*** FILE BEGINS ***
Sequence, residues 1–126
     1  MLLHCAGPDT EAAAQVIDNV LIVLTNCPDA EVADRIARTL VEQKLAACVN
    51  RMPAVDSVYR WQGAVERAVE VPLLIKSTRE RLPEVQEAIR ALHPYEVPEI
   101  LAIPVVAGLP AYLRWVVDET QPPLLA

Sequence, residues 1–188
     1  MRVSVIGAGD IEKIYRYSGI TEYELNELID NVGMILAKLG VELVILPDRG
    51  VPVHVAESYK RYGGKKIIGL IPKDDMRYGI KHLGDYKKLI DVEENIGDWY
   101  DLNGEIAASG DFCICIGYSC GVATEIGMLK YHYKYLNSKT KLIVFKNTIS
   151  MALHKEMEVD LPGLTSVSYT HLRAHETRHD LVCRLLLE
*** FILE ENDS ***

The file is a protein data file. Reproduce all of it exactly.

Sequence, residues 1–126
     1  MLLHCAGPDT EAAAQVIDNV LIVLTNCPDA EVADRIARTL VEQKLAACVN
    51  RMPAVDSVYR WQGAVERAVE VPLLIKSTRE RLPEVQEAIR ALHPYEVPEI
   101  LAIPVVAGLP AYLRWVVDET QPPLLA

Sequence, residues 1–188
     1  MRVSVIGAGD IEKIYRYSGI TEYELNELID NVGMILAKLG VELVILPDRG
    51  VPVHVAESYK RYGGKKIIGL IPKDDMRYGI KHLGDYKKLI DVEENIGDWY
   101  DLNGEIAASG DFCICIGYSC GVATEIGMLK YHYKYLNSKT KLIVFKNTIS
   151  MALHKEMEVD LPGLTSVSYT HLRAHETRHD LVCRLLLE